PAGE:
How new sports streaming service could affect NFL broadcasting rights

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Highlights ESPN, Fox, and Warner Bros. are teaming up to launch a joint sports streaming service, shaking up the future of TV sports.
Competitors may raise concerns about a possible monopoly, leading to legislative issues regarding the partnership.
The sports streaming service will include content from ESPN, Fox, TNT, and more, and is set to be released later in 2024.
The means by which NFL fans (all sports fans, for that matter) watch games has been changing rapidly over the last decade as more and more viewers “cut the cord” and move to streaming-only models. If recent reports are accurate, that trend isn’t likely to change anytime soon.
With all of ESPN, Fox, and Warner Brothers reportedly part of this sports media conglomerate partnership, there will be plenty of causes for concern on the legislative side of things, as competitors are sure to call foul play on the possible monopoly.
Beyond the economic ramifications, this news points to a sports-at-large landscape that is evolving at a record pace, and the way consumers receive and engage with their sports content could be on the precipice of changing for good.
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NFL broadcasting rights could be thrown for a loop by new streaming service
Other sports with RSNs are facing an uncertain economic future
The streaming service, which is set to be released later in 2024 and does not currently have a name or individual brand associated with it, will include nonexclusive content from ESPN, ESPN2, ESPNU, SEC Network, ACC Network, ESPNews, ABC, Fox, FS1, FS2, BTN, TNT, TBS, truTV and ESPN+.
Each of the four major American sports, hockey, football, baseball, and basketball, as well as Division I athletics at the collegiate level, will have a number of games and media events streamed through the service as well.
The NFL is in a unique position relative to the other sports since it has a more diverse portfolio of channels and companies airing its games. On top of Amazon, which owns the rights to Thursday Night Football, and NBC, which owns the rights to Sunday Night Football, CBS also owns a package of non-primetime games on Sundays.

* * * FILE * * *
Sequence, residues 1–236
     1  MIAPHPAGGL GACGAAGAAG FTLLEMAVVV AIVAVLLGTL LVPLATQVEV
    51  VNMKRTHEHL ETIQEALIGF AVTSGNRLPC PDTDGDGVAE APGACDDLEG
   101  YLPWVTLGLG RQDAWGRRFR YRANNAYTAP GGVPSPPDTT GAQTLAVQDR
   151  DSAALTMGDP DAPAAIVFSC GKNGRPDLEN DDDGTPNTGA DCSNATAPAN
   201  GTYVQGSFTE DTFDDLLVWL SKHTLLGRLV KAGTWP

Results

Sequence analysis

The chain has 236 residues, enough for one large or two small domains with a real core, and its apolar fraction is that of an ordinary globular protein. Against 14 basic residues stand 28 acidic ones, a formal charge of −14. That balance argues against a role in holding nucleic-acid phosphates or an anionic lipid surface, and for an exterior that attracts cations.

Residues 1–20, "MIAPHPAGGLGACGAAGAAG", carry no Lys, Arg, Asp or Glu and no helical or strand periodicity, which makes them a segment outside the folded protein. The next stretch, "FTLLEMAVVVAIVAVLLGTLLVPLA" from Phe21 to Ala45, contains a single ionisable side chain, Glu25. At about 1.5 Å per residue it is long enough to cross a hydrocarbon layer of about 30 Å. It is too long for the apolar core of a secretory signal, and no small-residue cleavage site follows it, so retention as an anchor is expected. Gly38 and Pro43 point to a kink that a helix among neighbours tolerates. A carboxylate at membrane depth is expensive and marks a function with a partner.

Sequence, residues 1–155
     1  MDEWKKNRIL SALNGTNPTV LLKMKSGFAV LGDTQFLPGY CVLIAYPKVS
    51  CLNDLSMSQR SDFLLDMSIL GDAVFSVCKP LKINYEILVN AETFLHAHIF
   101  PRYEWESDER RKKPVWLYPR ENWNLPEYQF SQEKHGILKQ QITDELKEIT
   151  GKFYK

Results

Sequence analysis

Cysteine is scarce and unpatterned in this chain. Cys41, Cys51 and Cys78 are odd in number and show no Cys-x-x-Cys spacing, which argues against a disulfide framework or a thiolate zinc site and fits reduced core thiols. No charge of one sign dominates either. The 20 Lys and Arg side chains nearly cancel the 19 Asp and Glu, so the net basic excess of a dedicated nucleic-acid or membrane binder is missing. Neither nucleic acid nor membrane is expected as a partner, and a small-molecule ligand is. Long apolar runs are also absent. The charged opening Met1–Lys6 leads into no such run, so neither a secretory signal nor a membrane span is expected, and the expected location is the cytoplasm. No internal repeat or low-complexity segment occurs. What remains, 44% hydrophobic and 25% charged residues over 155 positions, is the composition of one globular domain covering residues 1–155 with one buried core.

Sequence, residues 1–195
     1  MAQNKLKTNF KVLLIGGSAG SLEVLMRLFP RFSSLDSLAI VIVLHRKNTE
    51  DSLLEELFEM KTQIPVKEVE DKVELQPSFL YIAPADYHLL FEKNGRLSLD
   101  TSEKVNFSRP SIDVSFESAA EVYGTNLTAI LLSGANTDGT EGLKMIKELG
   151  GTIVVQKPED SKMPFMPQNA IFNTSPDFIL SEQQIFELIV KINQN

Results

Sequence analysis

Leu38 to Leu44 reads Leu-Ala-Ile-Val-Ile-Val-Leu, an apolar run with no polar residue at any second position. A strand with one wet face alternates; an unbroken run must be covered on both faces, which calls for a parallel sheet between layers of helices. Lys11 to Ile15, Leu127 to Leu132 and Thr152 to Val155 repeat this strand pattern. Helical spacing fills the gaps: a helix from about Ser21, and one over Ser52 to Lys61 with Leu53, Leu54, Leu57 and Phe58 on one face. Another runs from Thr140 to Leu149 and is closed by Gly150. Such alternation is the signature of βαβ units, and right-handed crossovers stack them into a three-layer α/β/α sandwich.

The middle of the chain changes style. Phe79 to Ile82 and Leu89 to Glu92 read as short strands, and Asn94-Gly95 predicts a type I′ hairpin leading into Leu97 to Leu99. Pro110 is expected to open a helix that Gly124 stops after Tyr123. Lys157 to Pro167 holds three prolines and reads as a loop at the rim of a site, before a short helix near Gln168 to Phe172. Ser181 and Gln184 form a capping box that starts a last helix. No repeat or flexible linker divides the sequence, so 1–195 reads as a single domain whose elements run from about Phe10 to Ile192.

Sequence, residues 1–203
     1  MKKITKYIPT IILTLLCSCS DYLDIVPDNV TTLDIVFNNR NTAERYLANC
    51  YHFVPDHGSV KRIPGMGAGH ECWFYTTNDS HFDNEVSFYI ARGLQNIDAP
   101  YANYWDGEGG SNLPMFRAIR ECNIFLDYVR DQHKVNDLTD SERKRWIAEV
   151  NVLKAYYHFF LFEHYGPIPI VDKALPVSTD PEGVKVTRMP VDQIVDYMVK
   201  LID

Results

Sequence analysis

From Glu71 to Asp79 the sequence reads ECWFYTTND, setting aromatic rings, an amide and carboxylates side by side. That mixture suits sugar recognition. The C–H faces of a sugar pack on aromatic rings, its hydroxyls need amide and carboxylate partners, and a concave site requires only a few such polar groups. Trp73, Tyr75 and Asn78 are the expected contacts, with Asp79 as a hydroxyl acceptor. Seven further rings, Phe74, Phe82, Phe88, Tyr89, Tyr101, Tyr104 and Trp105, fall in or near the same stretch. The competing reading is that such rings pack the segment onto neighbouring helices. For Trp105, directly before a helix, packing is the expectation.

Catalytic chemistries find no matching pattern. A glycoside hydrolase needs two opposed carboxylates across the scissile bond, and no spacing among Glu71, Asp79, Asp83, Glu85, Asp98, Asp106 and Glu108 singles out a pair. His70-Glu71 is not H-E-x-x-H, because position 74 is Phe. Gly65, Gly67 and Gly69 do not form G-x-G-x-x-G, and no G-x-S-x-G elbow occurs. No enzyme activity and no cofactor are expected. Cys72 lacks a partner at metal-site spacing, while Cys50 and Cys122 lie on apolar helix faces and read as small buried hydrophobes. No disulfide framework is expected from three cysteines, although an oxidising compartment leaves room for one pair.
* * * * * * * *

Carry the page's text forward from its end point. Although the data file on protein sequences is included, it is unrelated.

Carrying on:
Other sports are more reliant on their regional sports networks and deals that primarily lie with the three media giants. Major League Baseball, for example, is currently experiencing a crisis as Diamond Sports Group (and other Sinclair subsidiaries) files for bankruptcy, leaving numerous teams with uncertain futures regarding their broadcasting revenue streams.
The pricing of the streaming service is currently undetermined, though Brian Steinberg of Variety explains:
“Pricing will be announced at a later date, but the companies will likely set a monthly subscription that is more than a consumer would pay for a standalone regional sports network, which costs $20 to $30 per month, and less than a larger digital programming package such as Hulu + Live TV or YouTube TV, which cost around $75 to $80 per month, according to a person familiar with current discussions.”
At this time, there are no reported plans to bring in other partners to the service since the companies estimate that roughly 85% of U.S. sports broadcasting rights belong to the triumvirate of Fox, Disney, and Warner Brothers Discovery.
There are many details left to be sorted out, and the complexity of such an arrangement will surely lead to complications pre-launch, but for now, it appears sports fans will have another option to stream their games later in 2024.

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